Updated: Apr 14
hosts: Firdaus Parvez, Kala Ramesh, Priti Aisola, and Suraja Roychowdhury
Introducing a new perspective to our Wednesday Feature!
book of the month: 'the forest i know' by Kala Ramesh
‘the forest i know’, for me, despite the name, is like a river meandering through the landscape of life. A woman’s life. But, first it was a trickle of awareness.
concealed in maya
and beneath the veil
(I love the play on the word ‘lies’, it lifts the tanka to another level)
And then, the stream gurgles into a stronger current of self-awareness.
the trodden path
this autumn dusk
I come to realize
I’m just ordinary
into the stillness
I look for the spaces
if I let go
of everything I cherish
would surely carry me
away like a feather
Every Wednesday for the month of April, I will be sharing some of the poems that touched me the most. Let’s venture on this journey together, feel the rawness of heartbreak, and the honest vulnerability of a poet finding herself. I will let the poems speak for themselves. Ponder over them, and glean your own interpretation. Tell me about it and then, write your poems in the comments.
An essay on how to write tanka: Tanka Flights
Are you inspired!
We are delighted to open the comment thread for you to share your unpublished tanka and tanka-prose (within 300 words) to be considered for inclusion in haikuKATHA monthly magazine.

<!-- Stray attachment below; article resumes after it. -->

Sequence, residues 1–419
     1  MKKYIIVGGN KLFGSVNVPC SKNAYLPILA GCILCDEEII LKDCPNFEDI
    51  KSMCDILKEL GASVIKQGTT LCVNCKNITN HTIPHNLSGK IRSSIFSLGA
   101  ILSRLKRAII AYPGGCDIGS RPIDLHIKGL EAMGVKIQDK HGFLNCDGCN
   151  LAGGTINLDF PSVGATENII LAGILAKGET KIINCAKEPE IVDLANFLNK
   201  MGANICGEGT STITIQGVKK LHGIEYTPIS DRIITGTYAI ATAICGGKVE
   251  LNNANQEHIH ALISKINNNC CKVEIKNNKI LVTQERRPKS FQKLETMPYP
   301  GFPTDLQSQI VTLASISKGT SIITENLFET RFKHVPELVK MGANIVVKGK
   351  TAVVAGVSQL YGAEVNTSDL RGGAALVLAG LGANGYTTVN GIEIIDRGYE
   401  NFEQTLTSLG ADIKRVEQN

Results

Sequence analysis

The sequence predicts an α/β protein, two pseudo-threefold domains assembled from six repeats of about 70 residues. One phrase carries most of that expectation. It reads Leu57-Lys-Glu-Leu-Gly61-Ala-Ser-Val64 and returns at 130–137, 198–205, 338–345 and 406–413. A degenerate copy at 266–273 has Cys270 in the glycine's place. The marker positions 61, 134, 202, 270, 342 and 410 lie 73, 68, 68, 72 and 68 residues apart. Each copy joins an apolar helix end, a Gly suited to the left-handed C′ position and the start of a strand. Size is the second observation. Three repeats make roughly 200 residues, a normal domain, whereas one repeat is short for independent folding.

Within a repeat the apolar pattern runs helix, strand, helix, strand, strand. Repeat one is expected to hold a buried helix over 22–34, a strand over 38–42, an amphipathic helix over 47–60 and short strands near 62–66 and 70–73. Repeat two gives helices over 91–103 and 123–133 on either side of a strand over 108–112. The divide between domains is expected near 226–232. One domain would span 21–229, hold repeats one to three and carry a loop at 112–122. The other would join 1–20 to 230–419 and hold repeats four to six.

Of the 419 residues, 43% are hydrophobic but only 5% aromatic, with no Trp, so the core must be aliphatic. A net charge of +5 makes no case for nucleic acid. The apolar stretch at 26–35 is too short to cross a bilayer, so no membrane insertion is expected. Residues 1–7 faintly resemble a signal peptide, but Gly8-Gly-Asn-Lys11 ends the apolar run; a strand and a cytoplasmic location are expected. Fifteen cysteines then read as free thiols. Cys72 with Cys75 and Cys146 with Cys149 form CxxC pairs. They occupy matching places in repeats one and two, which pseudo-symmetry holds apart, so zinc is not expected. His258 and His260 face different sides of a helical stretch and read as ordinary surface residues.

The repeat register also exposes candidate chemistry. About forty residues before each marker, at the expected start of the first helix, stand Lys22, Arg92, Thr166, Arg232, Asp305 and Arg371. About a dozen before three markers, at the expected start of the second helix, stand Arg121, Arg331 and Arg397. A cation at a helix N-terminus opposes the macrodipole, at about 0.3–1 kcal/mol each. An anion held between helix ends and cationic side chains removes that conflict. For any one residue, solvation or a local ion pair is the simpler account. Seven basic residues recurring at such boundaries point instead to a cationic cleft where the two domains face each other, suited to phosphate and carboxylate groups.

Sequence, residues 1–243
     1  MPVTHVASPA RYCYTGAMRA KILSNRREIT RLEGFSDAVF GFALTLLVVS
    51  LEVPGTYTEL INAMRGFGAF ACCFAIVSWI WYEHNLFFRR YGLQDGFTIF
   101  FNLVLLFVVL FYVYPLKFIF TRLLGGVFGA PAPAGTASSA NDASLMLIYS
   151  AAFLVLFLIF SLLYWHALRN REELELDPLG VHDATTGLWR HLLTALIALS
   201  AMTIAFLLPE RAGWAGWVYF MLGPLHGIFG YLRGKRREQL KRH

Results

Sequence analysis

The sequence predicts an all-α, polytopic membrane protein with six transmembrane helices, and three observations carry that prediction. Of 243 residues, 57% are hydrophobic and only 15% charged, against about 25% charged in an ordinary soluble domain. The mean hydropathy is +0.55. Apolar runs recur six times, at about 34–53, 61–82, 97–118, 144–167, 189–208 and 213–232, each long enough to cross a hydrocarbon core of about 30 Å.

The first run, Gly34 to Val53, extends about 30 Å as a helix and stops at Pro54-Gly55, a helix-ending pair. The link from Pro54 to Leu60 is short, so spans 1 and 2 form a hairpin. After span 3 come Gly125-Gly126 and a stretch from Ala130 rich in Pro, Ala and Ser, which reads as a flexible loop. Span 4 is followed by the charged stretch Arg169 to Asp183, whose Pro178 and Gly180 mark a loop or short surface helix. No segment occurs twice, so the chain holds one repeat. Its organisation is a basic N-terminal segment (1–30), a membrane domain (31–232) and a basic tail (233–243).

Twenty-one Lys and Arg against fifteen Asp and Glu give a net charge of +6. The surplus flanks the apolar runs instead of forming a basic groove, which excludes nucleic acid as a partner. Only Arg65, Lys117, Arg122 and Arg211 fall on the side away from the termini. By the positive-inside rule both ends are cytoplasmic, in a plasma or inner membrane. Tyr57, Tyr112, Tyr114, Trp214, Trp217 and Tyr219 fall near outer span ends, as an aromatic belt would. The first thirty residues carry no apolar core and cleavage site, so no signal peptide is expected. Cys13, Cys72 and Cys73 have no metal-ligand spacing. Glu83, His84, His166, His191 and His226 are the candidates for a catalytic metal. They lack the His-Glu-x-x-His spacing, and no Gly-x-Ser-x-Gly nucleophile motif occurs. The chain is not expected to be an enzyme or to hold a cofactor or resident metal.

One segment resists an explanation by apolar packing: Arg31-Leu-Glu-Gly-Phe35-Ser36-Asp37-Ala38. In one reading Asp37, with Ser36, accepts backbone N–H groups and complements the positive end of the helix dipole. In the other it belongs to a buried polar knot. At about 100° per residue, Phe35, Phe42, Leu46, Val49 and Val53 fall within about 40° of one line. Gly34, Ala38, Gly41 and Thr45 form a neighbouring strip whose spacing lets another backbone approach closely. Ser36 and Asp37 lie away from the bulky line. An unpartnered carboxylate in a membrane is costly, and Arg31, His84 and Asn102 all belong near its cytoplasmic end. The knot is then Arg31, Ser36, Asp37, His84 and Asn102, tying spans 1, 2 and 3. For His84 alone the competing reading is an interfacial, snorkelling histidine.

Also, please do mention, under your poem, if you would like feedback.
But wait a minute before you start writing your tanka. We thought we’d give our members something to think about; to try a different approach from what they’ve been writing so far. Here’s the challenge for the week. Write a tanka in the 1/4 image format. You can click on the link given above and read all about it. To make this even more challenging, we’ve decided to consider only tanka written in this format this week for haikuKATHA. Good Luck, but most of all have fun while you learn.
Here are some examples by Kala Ramesh.
autumn fields - a fork in the road widening our shadows even farther
alone now … I light the oil lamp at sunset to keep the gathering darkness from hemming in my soul
kids long gone … this autumn dusk I linger in each room remembering the candle-melting laughter
Looking forward to some amazing poems.